The Complete Atlantic Recordings

Bettye Swann

Real Gone Music, 2014

REVIEW BY: David Bowling


Bettye Swann had one of those voices that was made for rhythm & blues. Her recordings for the Money and Capital labels during the 1960s and early 1970s consistently charted and sold millions of copies. Her material for the two labels, including such hits as “Don’t Wait Too Long” and “Make Me Yours” have been reissued a number of times and are well worth seeking out.

During 1972, she signed with Atlantic. Her five years with the label produced six singles, only two of which charted, no albums, and a total of 23 tracks, many of which were never released. Real Gone Music has now collected her entire output for the label and released them under the appropriate title my_heart_sings_the_harmony_web_ad_alt_250 The Complete Atlantic Recordings.

While her time with Atlantic may not have been as successful as with her previous labels, the music was more polished, her vocals were transcendent, and most of the tracks have a very modern feel to them.

She also took a number of chances while with the label. Her cover of the Merle Haggard tune “Today I Started Loving You Again” completely reimagines the country song and became her biggest hit for the label. The flip side of the single was “I’d Rather Go Blind,” which was originally a blues classic for Etta Kames. She makes the vocals smoother and moves the whole thing toward the mainstream.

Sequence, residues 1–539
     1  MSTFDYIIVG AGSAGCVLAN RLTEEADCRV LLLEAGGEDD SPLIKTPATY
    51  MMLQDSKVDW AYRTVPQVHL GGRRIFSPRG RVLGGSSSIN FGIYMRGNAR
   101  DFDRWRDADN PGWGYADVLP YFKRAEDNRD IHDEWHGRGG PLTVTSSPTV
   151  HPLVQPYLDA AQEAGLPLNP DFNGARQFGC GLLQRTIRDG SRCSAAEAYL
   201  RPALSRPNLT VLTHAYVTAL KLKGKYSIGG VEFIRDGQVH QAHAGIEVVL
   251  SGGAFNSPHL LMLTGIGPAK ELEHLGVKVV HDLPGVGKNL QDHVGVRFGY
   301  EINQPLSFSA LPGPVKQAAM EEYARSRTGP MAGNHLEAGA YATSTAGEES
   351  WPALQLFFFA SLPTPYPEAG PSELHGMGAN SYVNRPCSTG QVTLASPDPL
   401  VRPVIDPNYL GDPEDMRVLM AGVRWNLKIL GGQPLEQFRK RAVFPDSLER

“The Boy Next Door” is a product of its times. Recorded during early 1974, it would have fit the Shaft soundtrack well. It is an in-your-face piece of funk, complete with wah-wah guitar and strings. She traveled the duet route with soul-singer Sam Dees on a remake of the Billy Vera/Judy Clay hit “Storybook Children.” The produced an up-tempo variation of song that contained a lot more passion.

The most interesting track is her cover of the Elvis hit “Suspicious Minds.” As a female singer, she completely changes the listening experience.

Bettye Swann would quickly disappear from the public consciousness and music world. Swann retired from the music industry in 1980. It was not until 2013 that she performed on stage again and it was only one performance at the Rare Soul Weekend in Cleethorpes, England.

The Complete Atlantic Recordings resurrects a little-known part of her legacy. It is a wonderful ride through many of the styles and sounds of soul music during the 1970s. She is an artist well worth remembering and her music is worth exploring.

Rating: B+

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